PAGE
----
Looking for Something deals with archaeological methodologies and cathegorization strategies.
The project consists of two successive parts that highlight different aspects of a speculative approach.
Looking for Something #1 (2012) shows the remains of a selfinitiated excavation that was executed on a public field in central Jerusalem.
“I tried to learn all about archaeological working methods and the needed tools before I started the project.
I spoke to various experts, engaged in relevant pub-lications and visited active excavation sites in order to observe ‘real’ archaeologists and their behavior.
Photography was the major tool helping me document my finds as precise as possible.
Everything I dug out has been numbered, put in order according to its former location and then photographed from various angles. I took stereo photographs of the excavation site every evening and documented emerging structures layer by layer using different light sources and lens filters.
After fifty sixhours of digging I put everything back and closed the excavation site so that it looked like nothing ever happened.”
The resulting installation consists of 197 Objects found in 3 layers and 9 sections of the excavation site.
Larger prints show various interpretations of structures that have been modified using custom image editing software.
Looking for Something #2: Field Work (2014) is a participative performance in which visitors are animated to archaeologically examine the floor of an art gallery.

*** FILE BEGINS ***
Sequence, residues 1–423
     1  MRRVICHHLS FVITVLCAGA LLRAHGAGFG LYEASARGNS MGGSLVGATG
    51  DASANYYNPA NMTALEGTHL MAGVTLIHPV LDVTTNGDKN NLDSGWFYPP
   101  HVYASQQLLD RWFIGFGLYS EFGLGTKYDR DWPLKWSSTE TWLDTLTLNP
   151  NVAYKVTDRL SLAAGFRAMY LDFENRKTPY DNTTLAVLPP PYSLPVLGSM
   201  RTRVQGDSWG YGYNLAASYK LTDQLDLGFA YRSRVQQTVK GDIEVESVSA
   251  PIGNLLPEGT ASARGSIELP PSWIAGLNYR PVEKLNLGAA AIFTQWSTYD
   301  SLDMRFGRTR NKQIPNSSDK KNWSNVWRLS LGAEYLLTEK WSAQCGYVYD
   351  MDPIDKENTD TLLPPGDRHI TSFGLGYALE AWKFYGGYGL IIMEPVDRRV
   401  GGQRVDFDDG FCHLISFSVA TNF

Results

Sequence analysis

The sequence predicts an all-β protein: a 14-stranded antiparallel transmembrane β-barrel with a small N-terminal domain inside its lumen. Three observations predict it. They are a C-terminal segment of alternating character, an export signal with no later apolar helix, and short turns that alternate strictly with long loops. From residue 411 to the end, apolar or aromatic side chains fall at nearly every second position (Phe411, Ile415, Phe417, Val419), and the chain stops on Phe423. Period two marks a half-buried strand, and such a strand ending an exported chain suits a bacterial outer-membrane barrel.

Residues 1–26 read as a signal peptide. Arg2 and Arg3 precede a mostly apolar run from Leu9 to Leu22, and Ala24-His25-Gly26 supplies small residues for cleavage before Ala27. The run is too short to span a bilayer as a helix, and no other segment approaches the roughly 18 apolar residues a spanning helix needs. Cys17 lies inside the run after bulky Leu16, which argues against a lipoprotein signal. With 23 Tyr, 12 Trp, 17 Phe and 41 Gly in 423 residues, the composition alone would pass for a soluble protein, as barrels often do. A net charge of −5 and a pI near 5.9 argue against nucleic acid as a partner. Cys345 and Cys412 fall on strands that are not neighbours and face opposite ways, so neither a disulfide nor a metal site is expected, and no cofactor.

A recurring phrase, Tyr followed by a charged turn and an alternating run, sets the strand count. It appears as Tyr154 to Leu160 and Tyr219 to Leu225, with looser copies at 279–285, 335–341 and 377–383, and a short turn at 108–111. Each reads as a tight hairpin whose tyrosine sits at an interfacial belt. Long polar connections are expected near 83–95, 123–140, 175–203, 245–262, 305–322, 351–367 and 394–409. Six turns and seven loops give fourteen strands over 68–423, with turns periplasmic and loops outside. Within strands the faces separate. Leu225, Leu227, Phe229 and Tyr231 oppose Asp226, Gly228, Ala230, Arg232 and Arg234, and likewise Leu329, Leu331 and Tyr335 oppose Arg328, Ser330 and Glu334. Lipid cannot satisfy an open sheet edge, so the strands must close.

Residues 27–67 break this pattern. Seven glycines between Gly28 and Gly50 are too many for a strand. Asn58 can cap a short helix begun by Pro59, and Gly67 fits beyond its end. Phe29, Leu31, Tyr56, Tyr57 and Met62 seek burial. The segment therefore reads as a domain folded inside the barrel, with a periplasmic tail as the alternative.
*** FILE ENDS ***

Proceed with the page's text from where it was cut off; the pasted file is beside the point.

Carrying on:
Technical books and other instructive references help the archaeologists to approach their new occupation. Former exhibition rooms are transformed into laboratories and archives. Tools and gadgets for excavating and documenting the finds are freely accessible.
Participants work in groups of four or five peoples. They choose their scope of duties before starting the excavation process. Potential finds can consist of anything hidden in the ground – each archaeologist decides for his own individual set of parameters.
Objects, sketches and paper documents are collected in the excavation archive. They can be viewed by general visitors and future participants outside of working hours. Pictures and articles about the excavation process are published on the galleries Facebook page.
After seven working days the excavation site is closed and all finds are returned to their original location.